as free speech martyrs, once we were a) fired or b) boycotted or c) both. 
I'm going to have to disappoint here. Nothing so noble as a real 
freedom-of-speech conflict actually took place in this case. The only 
accurate metaphor to describe what happened to the paper last week was 
stepping in shit. The shit was there, and we stepped in it of our own 
volition. It was a joint effort, between us and the shit.

Look, we're all educated people. Even Anthony Weiner has a B.A. from 
SUNY-Plattsburgh. And as educated people we all realize that the "The 52 
Funniest Things About the Upcoming Death of the Pope" had almost nothing to 
do with the pope or Catholics whatsoever, and certainly wasn't hate speech.

If there was hate in the piece, it was not for the pope. It was for the 
agonizing marathon of mechanized media grief and adulation we so inevitably 
go through after the passing of each and every hallowed leader or 
celebrity. It was for the transparently fake unity of Democratic and 
Republican senators alike holding hands, hanging their heads, and—live on 
Fox and MSNBC—shedding a tear as good soldiers fold the flag at the passing 
of the great man, Ronald Reagan.

It's not only funerals, but memorial services and various other pagan 
rituals; we are all supposed to weep on the anniversary of 9/11, and defer 
publicly to soldiers, and cheer for whichever bland milquetoast cine-blob 
wins Best Picture.

But some of us don't want to cheer for the little girl who gets pulled out 
of the well, or get misty-eyed before the leader's casket. In fact, some of 
us get physically ill, and angry, during each and every one of these orgies 
of rote media emotion.

"The 52 Funniest Things About the Death of the Pope" was way over the top,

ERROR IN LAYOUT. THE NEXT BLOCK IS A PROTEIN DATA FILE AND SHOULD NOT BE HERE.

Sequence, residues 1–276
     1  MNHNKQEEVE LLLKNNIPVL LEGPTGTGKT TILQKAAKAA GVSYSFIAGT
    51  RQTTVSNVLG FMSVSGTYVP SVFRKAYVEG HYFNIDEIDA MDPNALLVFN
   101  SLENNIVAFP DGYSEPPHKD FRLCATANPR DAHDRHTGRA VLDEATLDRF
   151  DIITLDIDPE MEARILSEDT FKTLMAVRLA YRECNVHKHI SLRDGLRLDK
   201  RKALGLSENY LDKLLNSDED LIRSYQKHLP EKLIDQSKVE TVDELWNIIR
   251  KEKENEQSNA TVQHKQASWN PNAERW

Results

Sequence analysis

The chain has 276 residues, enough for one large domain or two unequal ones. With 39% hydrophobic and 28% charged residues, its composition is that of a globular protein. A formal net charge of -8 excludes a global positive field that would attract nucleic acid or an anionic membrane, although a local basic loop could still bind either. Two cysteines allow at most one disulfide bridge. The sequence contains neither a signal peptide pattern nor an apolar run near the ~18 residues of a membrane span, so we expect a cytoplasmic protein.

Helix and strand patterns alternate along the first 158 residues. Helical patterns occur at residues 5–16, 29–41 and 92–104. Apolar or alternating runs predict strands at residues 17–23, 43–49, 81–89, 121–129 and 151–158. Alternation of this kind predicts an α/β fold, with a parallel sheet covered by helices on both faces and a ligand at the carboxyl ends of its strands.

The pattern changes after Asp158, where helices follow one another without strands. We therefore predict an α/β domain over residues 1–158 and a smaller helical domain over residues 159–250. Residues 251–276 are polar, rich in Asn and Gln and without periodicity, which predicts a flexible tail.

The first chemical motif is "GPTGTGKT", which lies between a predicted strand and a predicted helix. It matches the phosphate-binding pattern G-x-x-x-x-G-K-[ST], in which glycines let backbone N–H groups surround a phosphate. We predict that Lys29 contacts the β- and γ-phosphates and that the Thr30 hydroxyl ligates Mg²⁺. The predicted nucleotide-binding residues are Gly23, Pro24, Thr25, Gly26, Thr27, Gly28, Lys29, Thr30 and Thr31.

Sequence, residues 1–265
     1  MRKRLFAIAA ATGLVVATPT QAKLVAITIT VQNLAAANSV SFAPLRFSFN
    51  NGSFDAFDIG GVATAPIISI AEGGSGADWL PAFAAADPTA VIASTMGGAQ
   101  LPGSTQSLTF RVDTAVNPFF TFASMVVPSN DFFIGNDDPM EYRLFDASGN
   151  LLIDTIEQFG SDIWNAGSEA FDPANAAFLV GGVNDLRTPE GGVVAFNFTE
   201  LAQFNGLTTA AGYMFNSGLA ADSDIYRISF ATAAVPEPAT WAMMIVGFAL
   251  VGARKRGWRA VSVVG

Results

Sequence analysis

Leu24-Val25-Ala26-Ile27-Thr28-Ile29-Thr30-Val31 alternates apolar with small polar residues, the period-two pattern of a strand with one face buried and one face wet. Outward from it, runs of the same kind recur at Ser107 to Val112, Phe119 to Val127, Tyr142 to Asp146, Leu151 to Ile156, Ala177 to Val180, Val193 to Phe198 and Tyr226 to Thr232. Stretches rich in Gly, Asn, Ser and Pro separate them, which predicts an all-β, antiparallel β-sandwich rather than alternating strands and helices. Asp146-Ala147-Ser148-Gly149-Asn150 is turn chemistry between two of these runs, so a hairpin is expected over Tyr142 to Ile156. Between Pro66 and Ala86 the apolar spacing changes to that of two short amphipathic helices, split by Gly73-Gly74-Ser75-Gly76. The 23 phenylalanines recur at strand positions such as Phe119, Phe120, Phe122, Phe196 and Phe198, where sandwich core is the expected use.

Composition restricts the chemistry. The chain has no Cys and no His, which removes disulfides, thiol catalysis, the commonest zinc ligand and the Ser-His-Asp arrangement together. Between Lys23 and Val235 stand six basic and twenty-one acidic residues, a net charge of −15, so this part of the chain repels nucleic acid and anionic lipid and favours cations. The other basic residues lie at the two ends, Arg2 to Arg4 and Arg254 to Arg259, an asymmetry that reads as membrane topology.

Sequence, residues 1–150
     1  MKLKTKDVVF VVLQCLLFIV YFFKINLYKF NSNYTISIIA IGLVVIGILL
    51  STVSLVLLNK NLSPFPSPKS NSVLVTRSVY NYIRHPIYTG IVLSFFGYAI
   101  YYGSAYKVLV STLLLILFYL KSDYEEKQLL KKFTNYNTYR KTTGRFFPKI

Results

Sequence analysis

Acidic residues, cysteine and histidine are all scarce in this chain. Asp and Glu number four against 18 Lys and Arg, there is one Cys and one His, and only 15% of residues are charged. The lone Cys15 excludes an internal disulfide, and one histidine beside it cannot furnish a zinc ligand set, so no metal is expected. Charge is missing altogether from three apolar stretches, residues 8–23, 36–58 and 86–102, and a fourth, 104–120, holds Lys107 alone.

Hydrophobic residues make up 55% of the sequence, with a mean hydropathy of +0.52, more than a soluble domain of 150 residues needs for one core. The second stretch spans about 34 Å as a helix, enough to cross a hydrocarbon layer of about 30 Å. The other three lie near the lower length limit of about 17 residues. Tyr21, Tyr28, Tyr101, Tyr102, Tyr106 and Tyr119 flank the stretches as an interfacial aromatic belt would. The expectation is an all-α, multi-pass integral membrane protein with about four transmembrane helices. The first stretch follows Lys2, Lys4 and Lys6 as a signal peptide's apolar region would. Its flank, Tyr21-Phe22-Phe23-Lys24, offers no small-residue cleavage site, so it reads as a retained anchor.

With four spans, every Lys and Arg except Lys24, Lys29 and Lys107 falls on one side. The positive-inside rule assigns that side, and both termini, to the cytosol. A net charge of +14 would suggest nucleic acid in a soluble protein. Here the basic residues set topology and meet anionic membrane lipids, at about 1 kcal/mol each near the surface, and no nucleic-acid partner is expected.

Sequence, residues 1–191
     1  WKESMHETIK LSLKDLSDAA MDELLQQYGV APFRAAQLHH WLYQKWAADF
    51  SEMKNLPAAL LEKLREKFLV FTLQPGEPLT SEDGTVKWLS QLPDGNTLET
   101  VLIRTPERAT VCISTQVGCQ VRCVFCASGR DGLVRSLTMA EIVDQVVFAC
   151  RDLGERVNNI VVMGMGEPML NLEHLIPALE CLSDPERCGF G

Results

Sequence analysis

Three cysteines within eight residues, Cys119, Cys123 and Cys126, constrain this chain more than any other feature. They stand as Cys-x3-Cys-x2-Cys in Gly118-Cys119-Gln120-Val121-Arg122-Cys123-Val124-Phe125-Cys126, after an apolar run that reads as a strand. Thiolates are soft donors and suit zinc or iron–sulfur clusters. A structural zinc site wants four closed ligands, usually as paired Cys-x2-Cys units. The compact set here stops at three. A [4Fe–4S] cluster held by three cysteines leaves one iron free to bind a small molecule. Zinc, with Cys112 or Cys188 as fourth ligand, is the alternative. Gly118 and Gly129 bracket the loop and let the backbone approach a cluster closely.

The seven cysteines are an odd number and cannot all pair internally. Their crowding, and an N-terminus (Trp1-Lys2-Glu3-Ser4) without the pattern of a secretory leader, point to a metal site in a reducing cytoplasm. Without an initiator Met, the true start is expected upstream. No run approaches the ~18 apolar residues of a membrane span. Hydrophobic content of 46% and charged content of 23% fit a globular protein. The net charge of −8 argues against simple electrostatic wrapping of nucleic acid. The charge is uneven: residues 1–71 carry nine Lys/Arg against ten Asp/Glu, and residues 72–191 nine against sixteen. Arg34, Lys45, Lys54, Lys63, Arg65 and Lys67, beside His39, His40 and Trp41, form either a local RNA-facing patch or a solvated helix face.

but it was commensurate—to the 197 consecutive fucking hours of Pope 
funeral coverage on cable we all know is coming very soon, with every 
politician on earth with a nose for Catholic votes lining up for a chance 
to blow into his hanky at the podium. We saw a preview of that last week; 
doubtless the Bloomberg, Clinton, Schumer and Weiner press releases at the 
pope's actual death will be of about the same length, and sent with the 
same alacrity to the same newspapers, as the ones released at his 
joke-death last week.

This, incidentally, is what the alternative media is supposed to be for. 
While all across the major media landscape every public figure—every 
politician and every NBA star and every superficially grief-stricken 
plastic anchorman—will be "deeply saddened" and hanging his head during the 
obligatory moment of silence, there has to be someplace where the 
individual psychopath-loser, i.e. me, can say "I don't care." And not 
necessarily because it's right or wrong to think that way, but because a 
mandatory opinion held by everybody is no opinion at all. If we can't joke 
about the pope, then the pope, quite frankly, is not very serious.

One more thing about what happened with us last week. In situations like 
this, when someone says or does something that outrages not just the left 
or the right but everyone, we have this habit of jumping on the offender 
with both feet and demanding an apology. Whether it's Ward Churchill with 
his "little Eichmanns," or that kid at UMass who called Pat Tillman a 
"pendejo," or Trent Lott, or Shaq squinting and talking about Yao in 
gibberish Chinese, we pile on until the guy squeaks. Apparently we respect 
a person more if he wilts under pressure and changes his opinions for the 
sake of convenience.

It was crazy that that mechanism came into play here, and it would be even 
crazier for us to actually apologize. This was an extremely silly, trivial, 
stupid joke. If senators have time for this, they must not be busy enough.

--